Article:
pensions and public sector outsourcing (60)
by Roderick Ramage BSc(Econ), solicitor
first published by distribution to professional contacts on 1 January 2019
This article is not advice to any person and may not be taken as a definitive statement of the law in general or in any particular case. The author does not accept any responsibility for anything that any person does or does not do as a result of reading it.
Following consultation in 2016 about introducing New Fair Deal to the Local Government Pension Scheme, the Government promised new proposals by the end of this year for further consultation, but so far it has not produced them.
Fair Deal for Pensions the 2007 Direction and New Fair Deal
1 A major concern to the Government and public sector unions about the outsourcing of services was that the exemption from TUPE of mainstream pension benefits provided by occupational pension schemes would result in the transferring employees, many of whom are in relatively low paid work, losing one compensating valuable benefit, membership of a public sector pension scheme.
2 This was intended to be and has been substantially remedied by the Fair Deal for Staff Pensions guidance first issued by the Office of the Deputy Prime Minister in June 1999. Fair Deal required contracting authorities to impose on contractors an obligation to provide for transferring employees pensions, which are the same as or broadly comparable with the transferring authority’s public sector scheme.
3 In June 2007 the Department for Communities and Local Government issued a direction under the Local Government Act 2003 s101 and s102. The direction applies to TUPE transfers by best value authorities, as defined in the Local Government Act 1999 s1 (mainly local and similar authorities and fire services), and not to other public sector employers such as the Civil Service, teachers and the NHS. The effect of the 2007 Direction is that, where an authority contracts with a person for the provision of services, the contract must provide that the contractor secures pension protection for each employee transferring under TUPE, and the provision of pension protection is enforceable by the employee, with corresponding provisions for subsequent contracts for those services. Pension protection for the transferring employee is the right to acquire pension benefits which are the same as or broadly comparable to or better than those that he had, or had a right to acquire, as an employee of the authority or before the latest change of employer.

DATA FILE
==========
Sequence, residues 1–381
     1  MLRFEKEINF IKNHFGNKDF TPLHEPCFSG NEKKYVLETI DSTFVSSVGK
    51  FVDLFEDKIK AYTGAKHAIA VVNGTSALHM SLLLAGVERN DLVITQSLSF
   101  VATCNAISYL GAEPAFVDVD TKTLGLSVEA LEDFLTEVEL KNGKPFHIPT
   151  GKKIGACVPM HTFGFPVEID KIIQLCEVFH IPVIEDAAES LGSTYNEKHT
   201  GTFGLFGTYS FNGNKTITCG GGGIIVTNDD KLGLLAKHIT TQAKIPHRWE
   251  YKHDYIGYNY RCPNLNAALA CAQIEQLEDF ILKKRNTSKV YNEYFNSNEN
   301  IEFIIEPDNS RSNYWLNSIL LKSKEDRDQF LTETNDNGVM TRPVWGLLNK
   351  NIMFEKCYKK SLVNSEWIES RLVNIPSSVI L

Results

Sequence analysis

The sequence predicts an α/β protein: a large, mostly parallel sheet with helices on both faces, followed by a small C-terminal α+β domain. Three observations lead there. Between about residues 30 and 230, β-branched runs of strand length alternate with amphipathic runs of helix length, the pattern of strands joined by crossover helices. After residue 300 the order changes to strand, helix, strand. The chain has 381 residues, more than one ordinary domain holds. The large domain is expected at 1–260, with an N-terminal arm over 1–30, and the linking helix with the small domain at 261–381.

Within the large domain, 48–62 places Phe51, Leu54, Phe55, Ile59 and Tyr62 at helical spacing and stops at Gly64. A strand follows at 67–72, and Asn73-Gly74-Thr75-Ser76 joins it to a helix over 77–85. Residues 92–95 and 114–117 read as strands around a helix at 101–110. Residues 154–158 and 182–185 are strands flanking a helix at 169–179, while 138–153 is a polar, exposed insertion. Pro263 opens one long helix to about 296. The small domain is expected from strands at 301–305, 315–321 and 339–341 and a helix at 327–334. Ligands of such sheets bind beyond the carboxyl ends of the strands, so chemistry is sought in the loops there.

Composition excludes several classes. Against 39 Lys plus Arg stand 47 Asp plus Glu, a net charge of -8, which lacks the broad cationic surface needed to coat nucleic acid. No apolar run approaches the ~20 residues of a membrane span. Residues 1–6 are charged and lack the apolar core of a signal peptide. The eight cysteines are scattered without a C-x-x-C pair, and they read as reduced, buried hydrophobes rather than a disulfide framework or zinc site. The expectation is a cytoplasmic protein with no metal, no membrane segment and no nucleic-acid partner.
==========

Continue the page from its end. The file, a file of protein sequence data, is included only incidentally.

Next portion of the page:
4 In October 2013 HM Treasury published and brought into effect “Fair Deal for Pensions”, which everyone else calls New Fair Deal, the effect of which, broadly speaking, is that compulsorily transferred employees will be entitled to remain in their present public sector pension schemes without the option for contractors to provide a broadly comparable scheme.
New Fair Deal applies to public sector schemes, including unfunded schemes, but not (yet) to best value authority schemes.
enforcing pension rights
5 The weakness of the Fair Deal and New Fair Deal is that it is not statutory and is enforceable only by the contract between the outsourcing authority and the contractor and gives no directly enforceable rights to the transferring employees. The 2013 policy paragraphs 1.10 and 1.11 include the following.
The contract for the transferred service or function should specifically require the independent contractor to provide transferred staff with continued access to the relevant public service pension scheme while they remain employed on the public service contract.
The contracting authority should also ensure that the contracts of employment of staff who are compulsorily transferred to an independent contractor as a result of an outsourcing of a service or function provide that they have a right to continued membership of their public service pension scheme.
6 The 2007 Direction has statutory force and requires the contract for the provision of services to provide that the contractor must secure pension protection for each transferring employee and that the provision of pension protection is enforceable by them.
7 In each case the application and enforcement can be uncertain. If a public authority has a pressing need to outsource a particular service, the bidding contractor senses that it can drive a hard bargain and the local trade union branch is compliant, or if the outsourcing is hurried, the guidance or the Direction’s requirement for a contractual pension obligation might be ignored or omitted by accident or incompetence. In these circumstances the contractor might argue that its legal obligation is limited to providing a money purchase pension scheme under the Pensions Act 2004 ss 207 and 208.
share of surplus
8 One of the hazards of admission to the LGPS had been the risk of an exit payment on the termination of the admission agreement, if the contractor’s notional part of the LGPS was then in deficit, but without a corresponding right to a payment if it were in surplus, as a result of which contractors could not risk paying higher contribution that the minimum for fear of a locked-in surplus. This has been remedied by SI 2018/493, which inserted into regulation 64 of SI 2013/2356 (the main LGPS regulations) provisions for an “exit credit” to be paid to the contractor if there is a surplus.
copyright Roderick Ramage
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